Houston's interior offensive line is going to have a difficult time keeping Still out of the backfield on both running and passing plays. Keep an eye on his consistency and endurance, though. The Cougars' quick-hitting passing attack will force him to chase the ball and could wear him out.
NFL fit: Still can line up on the inside in a four-man front and outside in a three-man front. It will be interesting to see how Denver addresses the defensive tackle position in terms of free agency, but adding Still late in the first round or early in the second makes sense for a Broncos team that could strengthen its run defense. In terms of 3-4 defenses, Still would be a good fit for a team like Baltimore.
Michigan State DT Jerel Worthy* (83) vs. Georgia (Outback Bowl)
Worthy is a bit of a Jekyll-and-Hyde prospect. At his best he's one of the most disruptive interior run-stoppers in the country, and there's a lot to like about his upside as a pass-rusher. On the other hand, he will wear down and get caught out of position a little too often.
Playing against a Georgia interior offensive line that's anchored by the top center on our board -- 316-pound Ben Jones (78) -- gives Worthy a great chance to improve his draft stock somewhat. It will be a good challenge, though injuries have weakened the Spartans' depth at defensive tackle and Worthy might not get as much relief as usual.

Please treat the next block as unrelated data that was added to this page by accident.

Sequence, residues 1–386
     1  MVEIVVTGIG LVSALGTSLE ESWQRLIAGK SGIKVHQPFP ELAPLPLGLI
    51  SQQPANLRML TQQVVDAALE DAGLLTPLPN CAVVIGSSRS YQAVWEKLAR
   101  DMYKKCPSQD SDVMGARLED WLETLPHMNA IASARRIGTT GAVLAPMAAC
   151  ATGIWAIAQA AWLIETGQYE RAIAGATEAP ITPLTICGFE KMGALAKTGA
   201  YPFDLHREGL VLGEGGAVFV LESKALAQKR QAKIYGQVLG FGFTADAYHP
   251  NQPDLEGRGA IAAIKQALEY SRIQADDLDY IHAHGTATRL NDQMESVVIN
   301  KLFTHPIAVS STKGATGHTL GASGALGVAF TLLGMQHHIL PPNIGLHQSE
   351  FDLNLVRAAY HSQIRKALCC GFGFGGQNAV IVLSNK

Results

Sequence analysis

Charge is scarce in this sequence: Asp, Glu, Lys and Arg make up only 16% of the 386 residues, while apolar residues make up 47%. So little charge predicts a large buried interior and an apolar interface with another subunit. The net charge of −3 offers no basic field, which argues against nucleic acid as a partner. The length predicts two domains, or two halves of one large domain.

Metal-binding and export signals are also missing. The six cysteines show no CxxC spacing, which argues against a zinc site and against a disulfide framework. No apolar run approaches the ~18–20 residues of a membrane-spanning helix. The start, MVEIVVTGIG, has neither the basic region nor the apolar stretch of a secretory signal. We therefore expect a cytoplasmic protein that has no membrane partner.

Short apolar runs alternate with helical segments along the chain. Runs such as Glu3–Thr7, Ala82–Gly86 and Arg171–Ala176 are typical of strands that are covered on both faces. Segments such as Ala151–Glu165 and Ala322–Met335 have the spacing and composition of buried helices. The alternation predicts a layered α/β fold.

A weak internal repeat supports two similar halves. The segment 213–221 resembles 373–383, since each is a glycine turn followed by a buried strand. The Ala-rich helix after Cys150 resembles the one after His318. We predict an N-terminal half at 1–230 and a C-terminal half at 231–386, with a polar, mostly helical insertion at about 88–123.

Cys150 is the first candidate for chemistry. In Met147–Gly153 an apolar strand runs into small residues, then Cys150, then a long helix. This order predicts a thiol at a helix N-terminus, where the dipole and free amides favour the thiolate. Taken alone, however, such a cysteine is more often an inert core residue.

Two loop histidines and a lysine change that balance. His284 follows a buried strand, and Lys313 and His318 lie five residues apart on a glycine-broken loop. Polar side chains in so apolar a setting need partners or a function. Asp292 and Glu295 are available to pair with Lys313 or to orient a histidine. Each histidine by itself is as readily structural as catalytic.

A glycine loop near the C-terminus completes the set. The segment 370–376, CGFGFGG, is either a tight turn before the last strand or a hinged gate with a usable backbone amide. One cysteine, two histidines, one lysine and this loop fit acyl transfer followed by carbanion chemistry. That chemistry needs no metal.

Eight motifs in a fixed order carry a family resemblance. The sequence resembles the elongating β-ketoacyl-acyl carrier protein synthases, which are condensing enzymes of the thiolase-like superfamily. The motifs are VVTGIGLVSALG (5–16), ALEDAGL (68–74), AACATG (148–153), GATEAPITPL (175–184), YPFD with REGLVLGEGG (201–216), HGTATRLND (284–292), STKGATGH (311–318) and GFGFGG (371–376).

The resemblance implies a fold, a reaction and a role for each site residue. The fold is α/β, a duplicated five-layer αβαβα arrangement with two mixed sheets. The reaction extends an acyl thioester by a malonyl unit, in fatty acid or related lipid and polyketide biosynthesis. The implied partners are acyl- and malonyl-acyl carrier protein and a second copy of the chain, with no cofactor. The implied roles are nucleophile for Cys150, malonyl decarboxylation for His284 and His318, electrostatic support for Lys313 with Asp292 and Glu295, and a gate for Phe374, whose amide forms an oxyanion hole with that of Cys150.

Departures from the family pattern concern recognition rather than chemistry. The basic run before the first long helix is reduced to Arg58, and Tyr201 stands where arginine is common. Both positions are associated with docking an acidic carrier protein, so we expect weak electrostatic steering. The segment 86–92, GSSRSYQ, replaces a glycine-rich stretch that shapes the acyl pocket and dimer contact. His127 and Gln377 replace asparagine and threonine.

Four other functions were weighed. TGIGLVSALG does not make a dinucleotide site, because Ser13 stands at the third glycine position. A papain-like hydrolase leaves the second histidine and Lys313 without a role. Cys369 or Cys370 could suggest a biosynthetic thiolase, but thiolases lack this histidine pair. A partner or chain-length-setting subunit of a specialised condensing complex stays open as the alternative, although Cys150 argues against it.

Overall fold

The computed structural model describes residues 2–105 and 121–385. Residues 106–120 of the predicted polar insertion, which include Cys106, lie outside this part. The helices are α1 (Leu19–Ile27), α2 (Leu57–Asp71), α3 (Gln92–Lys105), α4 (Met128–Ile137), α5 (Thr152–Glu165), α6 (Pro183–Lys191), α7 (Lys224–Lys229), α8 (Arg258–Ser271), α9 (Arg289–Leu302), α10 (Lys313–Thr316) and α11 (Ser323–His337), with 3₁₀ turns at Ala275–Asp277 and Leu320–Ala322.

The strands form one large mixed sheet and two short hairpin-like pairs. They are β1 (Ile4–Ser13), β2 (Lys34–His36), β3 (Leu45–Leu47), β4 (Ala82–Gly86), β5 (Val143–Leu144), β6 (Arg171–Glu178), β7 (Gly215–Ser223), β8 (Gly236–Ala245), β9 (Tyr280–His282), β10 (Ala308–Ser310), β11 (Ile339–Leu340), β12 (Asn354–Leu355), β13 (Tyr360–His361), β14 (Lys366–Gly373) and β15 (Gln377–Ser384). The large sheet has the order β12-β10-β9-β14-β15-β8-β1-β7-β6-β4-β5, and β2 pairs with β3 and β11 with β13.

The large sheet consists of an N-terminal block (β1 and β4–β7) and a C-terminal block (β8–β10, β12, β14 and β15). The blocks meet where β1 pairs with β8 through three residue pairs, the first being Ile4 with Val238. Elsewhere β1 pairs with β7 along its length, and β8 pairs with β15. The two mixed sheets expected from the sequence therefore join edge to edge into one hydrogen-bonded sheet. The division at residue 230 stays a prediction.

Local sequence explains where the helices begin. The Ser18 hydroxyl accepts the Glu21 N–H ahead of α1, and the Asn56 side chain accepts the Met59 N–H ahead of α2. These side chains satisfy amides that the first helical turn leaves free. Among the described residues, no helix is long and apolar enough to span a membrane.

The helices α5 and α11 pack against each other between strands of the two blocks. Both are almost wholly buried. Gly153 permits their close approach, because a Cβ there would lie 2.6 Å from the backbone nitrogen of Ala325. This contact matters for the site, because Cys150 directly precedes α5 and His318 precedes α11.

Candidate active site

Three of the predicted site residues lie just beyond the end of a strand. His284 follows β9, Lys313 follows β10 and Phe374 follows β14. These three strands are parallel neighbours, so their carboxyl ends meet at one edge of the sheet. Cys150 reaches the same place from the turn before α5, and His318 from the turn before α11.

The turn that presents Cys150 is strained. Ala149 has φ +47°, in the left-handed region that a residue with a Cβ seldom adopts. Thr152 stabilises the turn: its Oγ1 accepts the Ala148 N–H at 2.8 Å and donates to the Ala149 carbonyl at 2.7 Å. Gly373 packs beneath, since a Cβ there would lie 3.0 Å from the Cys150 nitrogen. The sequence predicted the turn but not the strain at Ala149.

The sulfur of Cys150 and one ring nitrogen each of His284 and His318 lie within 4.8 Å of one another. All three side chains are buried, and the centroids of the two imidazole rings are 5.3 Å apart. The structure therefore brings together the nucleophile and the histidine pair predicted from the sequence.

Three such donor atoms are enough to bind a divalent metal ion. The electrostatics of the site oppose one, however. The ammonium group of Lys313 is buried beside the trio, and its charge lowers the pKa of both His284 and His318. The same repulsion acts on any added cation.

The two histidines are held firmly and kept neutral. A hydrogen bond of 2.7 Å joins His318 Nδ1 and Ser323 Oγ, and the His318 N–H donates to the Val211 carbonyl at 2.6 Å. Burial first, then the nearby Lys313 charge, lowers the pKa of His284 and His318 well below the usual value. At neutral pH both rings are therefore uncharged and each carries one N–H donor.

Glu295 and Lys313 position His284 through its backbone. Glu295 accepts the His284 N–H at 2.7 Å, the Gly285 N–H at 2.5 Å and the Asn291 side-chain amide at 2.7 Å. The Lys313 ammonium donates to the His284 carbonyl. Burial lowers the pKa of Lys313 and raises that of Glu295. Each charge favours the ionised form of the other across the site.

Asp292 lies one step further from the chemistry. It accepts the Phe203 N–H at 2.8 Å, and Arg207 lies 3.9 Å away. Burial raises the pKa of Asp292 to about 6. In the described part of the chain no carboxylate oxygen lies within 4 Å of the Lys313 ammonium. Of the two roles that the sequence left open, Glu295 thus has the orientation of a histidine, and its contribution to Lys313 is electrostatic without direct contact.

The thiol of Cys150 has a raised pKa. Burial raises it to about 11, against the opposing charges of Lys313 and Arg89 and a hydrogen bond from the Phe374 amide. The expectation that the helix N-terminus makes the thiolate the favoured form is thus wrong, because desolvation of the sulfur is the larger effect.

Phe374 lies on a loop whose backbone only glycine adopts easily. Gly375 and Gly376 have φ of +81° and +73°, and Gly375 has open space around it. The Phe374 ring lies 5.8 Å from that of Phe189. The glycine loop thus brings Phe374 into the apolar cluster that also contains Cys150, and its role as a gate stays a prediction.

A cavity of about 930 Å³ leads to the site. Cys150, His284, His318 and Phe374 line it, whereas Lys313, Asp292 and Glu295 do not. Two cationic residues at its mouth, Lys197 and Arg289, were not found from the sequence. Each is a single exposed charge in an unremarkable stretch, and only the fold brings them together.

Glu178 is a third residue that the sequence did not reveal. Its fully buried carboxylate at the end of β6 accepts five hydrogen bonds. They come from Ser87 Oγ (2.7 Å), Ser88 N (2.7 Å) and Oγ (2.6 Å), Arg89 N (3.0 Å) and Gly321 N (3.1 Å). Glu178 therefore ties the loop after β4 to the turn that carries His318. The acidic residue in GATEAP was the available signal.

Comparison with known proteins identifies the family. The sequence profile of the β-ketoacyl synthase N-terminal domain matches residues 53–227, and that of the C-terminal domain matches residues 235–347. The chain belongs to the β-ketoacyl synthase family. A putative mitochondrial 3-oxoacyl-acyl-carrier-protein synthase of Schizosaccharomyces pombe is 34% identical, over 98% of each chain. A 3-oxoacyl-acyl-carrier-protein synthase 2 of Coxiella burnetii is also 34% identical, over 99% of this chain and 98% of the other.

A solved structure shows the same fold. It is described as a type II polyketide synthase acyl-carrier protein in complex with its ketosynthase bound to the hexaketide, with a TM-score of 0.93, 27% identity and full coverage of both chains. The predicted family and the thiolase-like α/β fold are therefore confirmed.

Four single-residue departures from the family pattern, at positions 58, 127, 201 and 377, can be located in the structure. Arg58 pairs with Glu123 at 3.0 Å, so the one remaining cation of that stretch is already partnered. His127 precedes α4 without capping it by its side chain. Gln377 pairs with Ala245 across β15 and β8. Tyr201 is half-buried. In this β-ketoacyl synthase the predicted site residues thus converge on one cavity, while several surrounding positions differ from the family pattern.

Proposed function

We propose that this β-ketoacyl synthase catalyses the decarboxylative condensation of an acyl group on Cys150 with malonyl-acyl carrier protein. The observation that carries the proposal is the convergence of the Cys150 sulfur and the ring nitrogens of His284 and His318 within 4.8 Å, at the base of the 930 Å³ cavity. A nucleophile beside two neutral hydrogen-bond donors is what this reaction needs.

NFL fit: The Saints should address the defensive tackle spot at some point, and adding Worthy with a late second-round pick makes some sense. He's a good value there, and he can improve their ability to get to the quarterback with the front four.
Nebraska CB Alfonzo Dennard (89) vs. South Carolina (Capital One Bowl)
There are some concerns about the undersized Dennard (5-10, 204) matching up with bigger receivers, and he's not a proven playmaker in coverage. However, he's strong and physical and plays bigger than his measurements indicate. He also has the speed and quick-twitch athletic ability to develop above-average man-to-man cover skills.
Scouts will be interested to see Dennard matched up against 6-4, 232-pound South Carolina WR Alshon Jeffery in the Capital One Bowl. Dennard must use his hands to reroute Jeffery at the line and cannot allow Jeffery to get inside leverage on jump balls down the field.
NFL fit: New England took CB Devin McCourty in the first round in 2010 and CB Ras-I Dowling in the second last year, but the Patriots clearly need to continue to address the position. Dennard would be an excellent nickelback, capable of working in sub packages and filling in for injured starters, and he's capable of developing into a valuable cover man on special teams. The Patriots could get Dennard late in the first round.
LOT Mike Adams (83) vs. Florida (TaxSlayer.com Gator Bowl)